APOD: The Eskimo Nebula from Hubble and... (2013 Jul 30)

Comments and questions about the APOD on the main view screen.
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APOD: The Eskimo Nebula from Hubble and... (2013 Jul 30)

Post by APOD Robot » Tue Jul 30, 2013 4:05 am

Image The Eskimo Nebula from Hubble and Chandra

Explanation: In 1787, astronomer William Herschel discovered the Eskimo Nebula. From the ground, NGC 2392 resembles a person's head surrounded by a parka hood. In 2000, the Hubble Space Telescope imaged the Eskimo Nebula in visible light, while the nebula was imaged in X-rays by the Chandra X-ray Observatory in 2007. The above combined visible-X ray image, with X-rays emitted by central hot gas and shown in pink, was released last week. From space, the nebula displays gas clouds so complex they are not fully understood. The Eskimo Nebula is clearly a planetary nebula, and the gas seen above composed the outer layers of a Sun-like star only 10,000 years ago. The inner filaments visible above are being ejected by strong wind of particles from the central star. The outer disk contains unusual light-year long orange filaments. The Eskimo Nebula spans about 1/3 of a light year and lies in our Milky Way Galaxy, about 3,000 light years distant, toward the constellation of the Twins (Gemini).

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Re: APOD: The Eskimo Nebula from Hubble and... (2013 Jul 30)

Post by bystander » Tue Jul 30, 2013 4:06 am

Know the quiet place within your heart and touch the rainbow of possibility; be
alive to the gentle breeze of communication, and please stop being such a jerk.
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ro-star

Re: APOD: The Eskimo Nebula from Hubble and... (2013 Jul 30)

Post by ro-star » Tue Jul 30, 2013 6:21 am

yes, I totally agree, the most appropriate name that comes to mind when looking at this nebula, is, clearly and obviously, "NGC 2392 - The Beating Heart Nebula"

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Re: APOD: The Eskimo Nebula from Hubble and... (2013 Jul 30)

Post by Boomer12k » Tue Jul 30, 2013 7:18 am

Always such a cool picture.

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Re: APOD: The Eskimo Nebula from Hubble and... (2013 Jul 30)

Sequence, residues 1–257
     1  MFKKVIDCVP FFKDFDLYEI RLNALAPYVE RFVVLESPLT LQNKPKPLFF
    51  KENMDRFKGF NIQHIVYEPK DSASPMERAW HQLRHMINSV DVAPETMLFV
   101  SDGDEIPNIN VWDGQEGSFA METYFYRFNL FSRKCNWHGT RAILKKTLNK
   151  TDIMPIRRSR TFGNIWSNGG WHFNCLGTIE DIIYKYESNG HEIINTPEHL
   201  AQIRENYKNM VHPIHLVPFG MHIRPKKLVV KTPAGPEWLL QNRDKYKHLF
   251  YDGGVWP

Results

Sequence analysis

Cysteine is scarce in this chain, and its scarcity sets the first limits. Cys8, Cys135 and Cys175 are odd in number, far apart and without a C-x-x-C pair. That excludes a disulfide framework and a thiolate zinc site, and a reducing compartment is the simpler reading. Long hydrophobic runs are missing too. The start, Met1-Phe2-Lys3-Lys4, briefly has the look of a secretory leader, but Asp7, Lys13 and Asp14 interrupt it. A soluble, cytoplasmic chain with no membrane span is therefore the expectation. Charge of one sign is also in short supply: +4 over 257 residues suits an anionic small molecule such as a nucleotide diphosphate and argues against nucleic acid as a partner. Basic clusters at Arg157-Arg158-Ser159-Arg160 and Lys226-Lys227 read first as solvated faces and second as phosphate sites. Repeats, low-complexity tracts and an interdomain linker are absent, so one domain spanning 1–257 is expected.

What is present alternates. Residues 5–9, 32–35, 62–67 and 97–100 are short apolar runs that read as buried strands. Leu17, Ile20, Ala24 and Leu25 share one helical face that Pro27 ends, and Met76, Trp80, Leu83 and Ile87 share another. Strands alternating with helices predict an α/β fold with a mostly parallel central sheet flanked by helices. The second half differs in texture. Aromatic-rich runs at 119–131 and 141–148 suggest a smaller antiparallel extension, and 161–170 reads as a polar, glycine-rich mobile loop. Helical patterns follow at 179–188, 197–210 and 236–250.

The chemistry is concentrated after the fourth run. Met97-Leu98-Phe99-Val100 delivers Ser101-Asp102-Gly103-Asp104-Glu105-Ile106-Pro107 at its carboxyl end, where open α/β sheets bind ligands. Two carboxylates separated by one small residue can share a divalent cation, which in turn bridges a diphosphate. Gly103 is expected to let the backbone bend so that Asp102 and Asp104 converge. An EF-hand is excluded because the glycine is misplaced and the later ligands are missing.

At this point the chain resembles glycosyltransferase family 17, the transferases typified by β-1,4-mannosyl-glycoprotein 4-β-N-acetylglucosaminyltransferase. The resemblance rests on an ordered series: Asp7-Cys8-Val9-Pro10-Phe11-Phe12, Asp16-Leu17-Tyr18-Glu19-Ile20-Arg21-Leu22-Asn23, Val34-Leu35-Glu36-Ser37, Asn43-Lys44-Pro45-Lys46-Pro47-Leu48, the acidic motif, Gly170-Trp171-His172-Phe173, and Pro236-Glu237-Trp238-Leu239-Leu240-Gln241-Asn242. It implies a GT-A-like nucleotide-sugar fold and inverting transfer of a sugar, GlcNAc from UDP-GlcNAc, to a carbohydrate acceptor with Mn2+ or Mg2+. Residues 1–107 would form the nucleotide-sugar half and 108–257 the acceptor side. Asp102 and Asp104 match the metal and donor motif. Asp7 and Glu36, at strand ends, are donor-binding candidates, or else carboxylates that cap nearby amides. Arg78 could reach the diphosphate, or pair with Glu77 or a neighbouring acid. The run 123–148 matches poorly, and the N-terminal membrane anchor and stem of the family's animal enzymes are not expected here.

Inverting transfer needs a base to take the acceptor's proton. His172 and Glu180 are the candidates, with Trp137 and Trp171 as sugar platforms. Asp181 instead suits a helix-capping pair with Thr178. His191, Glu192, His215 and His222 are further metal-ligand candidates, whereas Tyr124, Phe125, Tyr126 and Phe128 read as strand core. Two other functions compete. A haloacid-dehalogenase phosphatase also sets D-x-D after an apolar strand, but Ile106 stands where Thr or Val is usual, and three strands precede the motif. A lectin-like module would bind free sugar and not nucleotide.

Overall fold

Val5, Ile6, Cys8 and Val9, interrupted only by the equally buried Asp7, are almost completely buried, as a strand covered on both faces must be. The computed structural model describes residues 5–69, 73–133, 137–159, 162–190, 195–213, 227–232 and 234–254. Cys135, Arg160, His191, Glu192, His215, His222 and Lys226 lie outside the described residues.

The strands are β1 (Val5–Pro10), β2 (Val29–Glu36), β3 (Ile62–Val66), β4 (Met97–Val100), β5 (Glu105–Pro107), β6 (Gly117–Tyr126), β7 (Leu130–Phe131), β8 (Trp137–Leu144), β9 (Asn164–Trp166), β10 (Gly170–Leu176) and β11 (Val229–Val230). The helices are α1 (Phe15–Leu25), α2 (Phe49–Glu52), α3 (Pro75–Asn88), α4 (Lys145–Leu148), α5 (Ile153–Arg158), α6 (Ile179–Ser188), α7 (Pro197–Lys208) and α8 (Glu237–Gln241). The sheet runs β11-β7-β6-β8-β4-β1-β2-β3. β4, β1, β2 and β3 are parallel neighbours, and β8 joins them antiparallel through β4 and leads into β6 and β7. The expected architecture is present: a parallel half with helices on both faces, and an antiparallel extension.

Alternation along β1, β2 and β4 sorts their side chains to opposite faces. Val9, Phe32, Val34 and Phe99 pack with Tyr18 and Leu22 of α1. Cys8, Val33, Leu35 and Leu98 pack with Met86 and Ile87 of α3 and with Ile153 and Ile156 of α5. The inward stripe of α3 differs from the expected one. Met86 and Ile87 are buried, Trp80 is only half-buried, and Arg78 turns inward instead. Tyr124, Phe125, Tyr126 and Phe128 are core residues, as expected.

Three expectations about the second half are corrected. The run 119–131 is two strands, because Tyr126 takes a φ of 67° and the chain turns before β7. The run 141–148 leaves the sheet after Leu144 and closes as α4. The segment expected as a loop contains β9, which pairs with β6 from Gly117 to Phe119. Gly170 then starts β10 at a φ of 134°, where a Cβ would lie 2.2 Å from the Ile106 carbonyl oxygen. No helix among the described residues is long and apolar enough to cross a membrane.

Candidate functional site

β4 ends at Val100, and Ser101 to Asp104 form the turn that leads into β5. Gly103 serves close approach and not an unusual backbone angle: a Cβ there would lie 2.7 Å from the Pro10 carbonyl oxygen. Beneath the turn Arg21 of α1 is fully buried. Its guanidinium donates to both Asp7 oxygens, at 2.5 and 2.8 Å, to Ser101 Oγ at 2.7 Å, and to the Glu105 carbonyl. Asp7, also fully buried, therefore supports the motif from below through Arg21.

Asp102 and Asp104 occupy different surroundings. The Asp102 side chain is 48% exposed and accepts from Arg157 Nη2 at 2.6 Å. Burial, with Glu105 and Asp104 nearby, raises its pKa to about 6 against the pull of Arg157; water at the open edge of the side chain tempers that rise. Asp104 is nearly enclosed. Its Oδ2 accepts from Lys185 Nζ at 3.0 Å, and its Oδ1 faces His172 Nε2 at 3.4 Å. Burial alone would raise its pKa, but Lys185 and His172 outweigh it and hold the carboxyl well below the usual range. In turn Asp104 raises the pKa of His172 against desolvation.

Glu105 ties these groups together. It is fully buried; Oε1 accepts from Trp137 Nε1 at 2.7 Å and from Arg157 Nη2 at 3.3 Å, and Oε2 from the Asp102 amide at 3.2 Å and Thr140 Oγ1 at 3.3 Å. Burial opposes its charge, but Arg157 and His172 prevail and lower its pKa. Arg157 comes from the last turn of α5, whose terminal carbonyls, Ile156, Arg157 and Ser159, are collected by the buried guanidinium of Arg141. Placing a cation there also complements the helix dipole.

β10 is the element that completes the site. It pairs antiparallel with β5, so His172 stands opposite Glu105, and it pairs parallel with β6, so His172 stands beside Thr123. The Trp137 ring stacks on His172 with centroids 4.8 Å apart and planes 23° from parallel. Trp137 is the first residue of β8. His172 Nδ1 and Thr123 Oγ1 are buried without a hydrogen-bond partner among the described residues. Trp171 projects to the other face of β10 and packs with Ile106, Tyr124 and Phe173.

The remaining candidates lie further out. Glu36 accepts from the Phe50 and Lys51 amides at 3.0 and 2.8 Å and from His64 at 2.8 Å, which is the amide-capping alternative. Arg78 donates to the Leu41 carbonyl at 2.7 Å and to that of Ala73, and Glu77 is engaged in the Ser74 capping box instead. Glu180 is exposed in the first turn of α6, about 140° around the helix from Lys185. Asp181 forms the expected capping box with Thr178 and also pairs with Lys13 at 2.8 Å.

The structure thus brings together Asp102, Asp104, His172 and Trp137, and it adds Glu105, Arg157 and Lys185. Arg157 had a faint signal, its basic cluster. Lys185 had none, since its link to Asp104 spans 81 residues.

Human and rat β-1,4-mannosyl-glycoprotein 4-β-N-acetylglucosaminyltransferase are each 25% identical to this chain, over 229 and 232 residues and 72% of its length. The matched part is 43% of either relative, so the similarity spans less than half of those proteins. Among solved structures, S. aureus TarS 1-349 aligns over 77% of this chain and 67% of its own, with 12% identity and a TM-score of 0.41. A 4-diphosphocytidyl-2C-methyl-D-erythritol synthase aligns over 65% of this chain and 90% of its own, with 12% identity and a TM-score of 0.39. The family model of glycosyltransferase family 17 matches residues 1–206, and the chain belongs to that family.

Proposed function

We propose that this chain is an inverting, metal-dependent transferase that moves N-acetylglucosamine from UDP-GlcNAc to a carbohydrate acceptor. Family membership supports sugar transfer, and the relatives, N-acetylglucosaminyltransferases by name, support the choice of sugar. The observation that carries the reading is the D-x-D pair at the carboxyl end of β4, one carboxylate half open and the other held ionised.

Post by starsurfer » Tue Jul 30, 2013 10:36 am

The orange filaments in the outer shell might be cometary knots like the ones in the Helix Nebula.

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Re: APOD: The Eskimo Nebula from Hubble and... (2013 Jul 30)

Post by orin stepanek » Tue Jul 30, 2013 11:10 am

Neat photo of the Eskimo Nebula! +++ 8-)
Orin

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sonsofjob

Eskimo Nebula

Post by sonsofjob » Tue Jul 30, 2013 12:08 pm

In the accompanying comentary re: the Eskimo Nebula, the writer states that the orange filiments are approximately one light year long, and then states that the whole nebula is "1/3 of a light year across"? So, how is that possible?

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Re: APOD: The Eskimo Nebula from Hubble and... (2013 Jul 30)

Post by Starwows » Tue Jul 30, 2013 1:06 pm

Isn't the outer disk part of the nebula? I don't understand these two statements together....

"The outer disk contains unusual light-year long orange filaments. The Eskimo Nebula spans about 1/3 of a light year "

Spiff

XRays?

Post by Spiff » Tue Jul 30, 2013 2:29 pm

APOD Robot wrote:Image The Eskimo Nebula from Hubble and Chandra

while the nebula was imaged in X-rays by the Chandra X-ray Observatory in 2007. The above combined visible-X ray image, with X-rays emitted by central hot gas and shown in pink, was released last week.
Hmm, XRays? I guess I always assumed that planetary nebulae were relatively cool, low energy processes. The surfaces of old stars are relatively cool ... they tend to glow red which implies surface temperatures lower than our Sun (6000 Kelvin).

But XRay's imply very high temperature gas, super-energized. XRays are what you see from accretion gas right around the event horizon of a black hole. Really hot stuff.

Why would the gas emitted from a star in mass-loss phase be so energized?

Could this be a case of calibration or relative brightness? Perhaps the Chandra image is showing the really dim upper tail of the emission spectrum and then the compositing process is misleadingly showing the brightness of the XRay emissions as comparable to the brightness of the visual spectrum image?